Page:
Jonymyo in the heart of Seoul is an Oasis. You hardly know your still in Seoul if not for the tall buildings over the fence in the distance. Constructed in 1395 it is the ancestral shrine of the Royal Family of the Joeseon Dynasty. Admission 1000 wan (about $1 US)
There are Honeymoon Island of Korean Peoples, and also called Island of Stone, Wind, and Women. Jeju island has a mild oceanic climate throughout the year with the smallest annual temperature range in the country. The temperature for the hottest summer months averages no more than 34.3?? and no less than -3.2?? for winter.
The island is 73Km wide and 41Km long with a total area of 1,848??. Jeju island, the largest island in southKorea.
From/to Jeju-do Transportation
Domestic Route to Jeju-do ( Seoul, Busan, Daegu, Gwangju, Gunsan, Jinju, Yeosu, Weonju, Cheongju ).
International Route to Jeju-do ( Tokyo, Nagoya, Fukuoka,Osaka : Japan/Beijing, Shanghai : China )
Domestic Route to Jeju-do ( Busan, Incheon, Mokpo, Wando, Yeosu )
International Route to Jeju-do ( Shanghai : China )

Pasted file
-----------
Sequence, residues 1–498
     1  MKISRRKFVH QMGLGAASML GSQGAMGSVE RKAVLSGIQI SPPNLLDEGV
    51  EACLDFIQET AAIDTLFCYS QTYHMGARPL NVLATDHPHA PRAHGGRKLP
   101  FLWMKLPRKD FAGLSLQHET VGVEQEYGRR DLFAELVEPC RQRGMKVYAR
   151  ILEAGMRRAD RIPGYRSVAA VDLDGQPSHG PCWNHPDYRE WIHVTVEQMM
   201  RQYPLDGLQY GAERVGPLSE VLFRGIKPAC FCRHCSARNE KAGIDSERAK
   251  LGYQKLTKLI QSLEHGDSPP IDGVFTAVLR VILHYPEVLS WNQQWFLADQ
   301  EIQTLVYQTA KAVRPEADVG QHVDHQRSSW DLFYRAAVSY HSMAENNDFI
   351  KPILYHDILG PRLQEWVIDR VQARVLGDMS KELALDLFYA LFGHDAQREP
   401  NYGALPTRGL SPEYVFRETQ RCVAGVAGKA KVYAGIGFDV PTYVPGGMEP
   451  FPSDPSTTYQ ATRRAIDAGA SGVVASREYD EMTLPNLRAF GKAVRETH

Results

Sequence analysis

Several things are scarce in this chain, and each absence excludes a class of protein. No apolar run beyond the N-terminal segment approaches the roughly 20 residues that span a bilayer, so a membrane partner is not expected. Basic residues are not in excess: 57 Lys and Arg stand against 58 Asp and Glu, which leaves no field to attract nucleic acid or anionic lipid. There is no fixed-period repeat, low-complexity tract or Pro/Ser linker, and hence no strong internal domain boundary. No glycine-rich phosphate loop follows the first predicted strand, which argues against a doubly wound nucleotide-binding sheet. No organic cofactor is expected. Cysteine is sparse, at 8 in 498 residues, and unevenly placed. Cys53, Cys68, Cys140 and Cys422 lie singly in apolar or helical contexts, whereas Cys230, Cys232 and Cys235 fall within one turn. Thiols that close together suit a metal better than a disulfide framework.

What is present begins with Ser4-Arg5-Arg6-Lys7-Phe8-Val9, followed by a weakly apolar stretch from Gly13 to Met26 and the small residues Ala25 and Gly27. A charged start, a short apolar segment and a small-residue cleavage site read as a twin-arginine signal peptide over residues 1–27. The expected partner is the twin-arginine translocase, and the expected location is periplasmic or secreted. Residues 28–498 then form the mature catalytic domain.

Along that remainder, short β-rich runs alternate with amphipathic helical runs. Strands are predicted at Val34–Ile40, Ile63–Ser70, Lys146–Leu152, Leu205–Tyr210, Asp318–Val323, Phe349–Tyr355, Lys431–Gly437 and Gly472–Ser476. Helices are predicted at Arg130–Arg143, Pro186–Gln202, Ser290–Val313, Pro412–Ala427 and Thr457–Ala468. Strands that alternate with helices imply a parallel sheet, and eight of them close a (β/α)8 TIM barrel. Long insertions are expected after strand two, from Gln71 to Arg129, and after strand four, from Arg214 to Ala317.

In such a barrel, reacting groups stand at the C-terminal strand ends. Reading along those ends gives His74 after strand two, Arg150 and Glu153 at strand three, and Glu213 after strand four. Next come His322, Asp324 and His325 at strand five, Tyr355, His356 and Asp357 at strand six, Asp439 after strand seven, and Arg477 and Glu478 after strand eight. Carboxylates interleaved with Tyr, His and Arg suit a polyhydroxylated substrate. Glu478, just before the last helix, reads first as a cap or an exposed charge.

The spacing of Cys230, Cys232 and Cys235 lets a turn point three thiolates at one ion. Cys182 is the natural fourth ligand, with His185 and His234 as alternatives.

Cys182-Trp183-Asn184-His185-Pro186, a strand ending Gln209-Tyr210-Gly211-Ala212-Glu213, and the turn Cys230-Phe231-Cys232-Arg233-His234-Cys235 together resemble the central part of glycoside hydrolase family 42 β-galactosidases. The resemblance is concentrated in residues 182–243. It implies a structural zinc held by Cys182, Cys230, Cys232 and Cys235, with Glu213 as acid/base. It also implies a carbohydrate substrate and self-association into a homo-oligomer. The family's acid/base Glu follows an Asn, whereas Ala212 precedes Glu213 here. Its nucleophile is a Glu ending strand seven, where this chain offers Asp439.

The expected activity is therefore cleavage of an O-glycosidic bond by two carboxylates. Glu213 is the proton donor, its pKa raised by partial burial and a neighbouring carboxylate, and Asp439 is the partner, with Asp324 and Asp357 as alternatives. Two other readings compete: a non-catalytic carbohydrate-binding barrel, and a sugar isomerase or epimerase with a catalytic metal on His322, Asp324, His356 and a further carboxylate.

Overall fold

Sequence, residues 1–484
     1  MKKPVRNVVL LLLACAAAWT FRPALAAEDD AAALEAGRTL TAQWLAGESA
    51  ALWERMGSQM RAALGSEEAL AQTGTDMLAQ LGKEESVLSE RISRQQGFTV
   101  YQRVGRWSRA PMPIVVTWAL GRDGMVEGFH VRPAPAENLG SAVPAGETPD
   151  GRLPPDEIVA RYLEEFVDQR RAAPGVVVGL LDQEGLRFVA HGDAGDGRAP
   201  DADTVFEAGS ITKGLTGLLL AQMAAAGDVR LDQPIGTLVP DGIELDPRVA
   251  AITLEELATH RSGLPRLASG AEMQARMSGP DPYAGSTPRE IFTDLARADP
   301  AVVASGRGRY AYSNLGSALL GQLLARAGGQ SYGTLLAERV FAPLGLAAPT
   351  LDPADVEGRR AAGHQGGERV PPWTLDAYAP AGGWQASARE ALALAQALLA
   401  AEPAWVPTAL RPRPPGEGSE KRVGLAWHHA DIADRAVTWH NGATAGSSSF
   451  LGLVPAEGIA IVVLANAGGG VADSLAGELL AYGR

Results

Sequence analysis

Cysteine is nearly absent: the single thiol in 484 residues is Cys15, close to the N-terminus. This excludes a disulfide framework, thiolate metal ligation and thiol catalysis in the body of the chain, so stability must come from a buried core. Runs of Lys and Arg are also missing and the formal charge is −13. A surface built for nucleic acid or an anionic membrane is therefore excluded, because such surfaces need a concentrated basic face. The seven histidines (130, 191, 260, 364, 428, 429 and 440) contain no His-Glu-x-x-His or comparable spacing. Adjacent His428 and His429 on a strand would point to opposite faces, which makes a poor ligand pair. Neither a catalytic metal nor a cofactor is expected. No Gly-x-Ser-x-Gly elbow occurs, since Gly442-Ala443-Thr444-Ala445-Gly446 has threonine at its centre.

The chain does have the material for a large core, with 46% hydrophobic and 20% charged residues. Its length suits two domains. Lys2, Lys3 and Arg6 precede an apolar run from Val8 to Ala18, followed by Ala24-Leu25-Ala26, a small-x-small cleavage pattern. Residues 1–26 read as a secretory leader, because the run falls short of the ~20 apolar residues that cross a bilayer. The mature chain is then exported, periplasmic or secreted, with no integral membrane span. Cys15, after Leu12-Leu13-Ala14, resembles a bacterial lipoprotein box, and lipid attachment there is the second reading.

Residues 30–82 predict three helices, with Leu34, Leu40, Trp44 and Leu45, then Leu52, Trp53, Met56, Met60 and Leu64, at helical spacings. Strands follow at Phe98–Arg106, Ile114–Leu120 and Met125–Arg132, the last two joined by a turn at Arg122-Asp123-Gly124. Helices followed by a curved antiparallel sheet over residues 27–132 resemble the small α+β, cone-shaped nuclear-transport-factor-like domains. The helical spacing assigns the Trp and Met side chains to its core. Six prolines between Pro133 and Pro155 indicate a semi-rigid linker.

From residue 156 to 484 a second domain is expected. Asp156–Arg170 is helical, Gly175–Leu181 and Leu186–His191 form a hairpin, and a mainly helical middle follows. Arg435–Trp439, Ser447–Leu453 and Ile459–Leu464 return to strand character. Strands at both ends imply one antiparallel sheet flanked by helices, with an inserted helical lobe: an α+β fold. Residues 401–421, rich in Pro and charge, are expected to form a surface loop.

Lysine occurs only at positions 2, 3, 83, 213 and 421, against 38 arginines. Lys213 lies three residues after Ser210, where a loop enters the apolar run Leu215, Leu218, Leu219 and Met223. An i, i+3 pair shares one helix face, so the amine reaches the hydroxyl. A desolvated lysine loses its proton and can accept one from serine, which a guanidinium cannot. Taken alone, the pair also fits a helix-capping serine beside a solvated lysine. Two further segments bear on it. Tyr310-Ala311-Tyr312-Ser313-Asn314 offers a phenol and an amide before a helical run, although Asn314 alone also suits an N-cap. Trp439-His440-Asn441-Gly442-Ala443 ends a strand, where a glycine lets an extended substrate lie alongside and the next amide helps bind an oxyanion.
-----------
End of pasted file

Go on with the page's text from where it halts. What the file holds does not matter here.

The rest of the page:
Jeonju is a wonderful small city about 3 hours South of Seoul. It is the capital of the province of North Jeolla province (jeollabukdo) Jeonju is famous for it's food and culture. One of Korea's most famous foods originates from Jeonju.... BiBimBap. There are some nice temples and shrines to be explored. Jeonju Hanok Maeul (traditional village) is a great place to explore old alleyways and see tradition alive. Every year Jeonju hosts the Jeonu International Film Festival which brings in movies from all over the world. There is also the Sori (sound) festival which also brings in many musicians from around the world. Jeonju is a great place to escape into the mountains and within minutes from downtown you can be in the country breathing in fresh air. The nightlife in Jeonju can not be compared to Seoul... but it's vibrant and happening.